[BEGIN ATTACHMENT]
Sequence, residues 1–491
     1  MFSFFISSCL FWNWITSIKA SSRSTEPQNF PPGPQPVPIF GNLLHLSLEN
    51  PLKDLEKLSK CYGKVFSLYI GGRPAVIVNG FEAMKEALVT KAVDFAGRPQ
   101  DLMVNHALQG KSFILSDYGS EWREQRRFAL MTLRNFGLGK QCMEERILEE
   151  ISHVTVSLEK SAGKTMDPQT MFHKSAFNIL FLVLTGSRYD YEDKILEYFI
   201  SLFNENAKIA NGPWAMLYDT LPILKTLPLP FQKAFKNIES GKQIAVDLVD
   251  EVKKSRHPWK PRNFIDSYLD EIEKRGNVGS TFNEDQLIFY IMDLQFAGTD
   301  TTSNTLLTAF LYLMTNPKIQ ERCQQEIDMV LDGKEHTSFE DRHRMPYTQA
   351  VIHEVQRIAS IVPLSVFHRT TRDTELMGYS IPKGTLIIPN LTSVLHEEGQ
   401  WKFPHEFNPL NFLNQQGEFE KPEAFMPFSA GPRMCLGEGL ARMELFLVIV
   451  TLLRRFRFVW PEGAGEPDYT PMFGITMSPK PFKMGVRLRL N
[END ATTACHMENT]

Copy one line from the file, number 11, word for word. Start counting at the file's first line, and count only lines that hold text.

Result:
   451  TLLRRFRFVW PEGAGEPDYT PMFGITMSPK PFKMGVRLRL N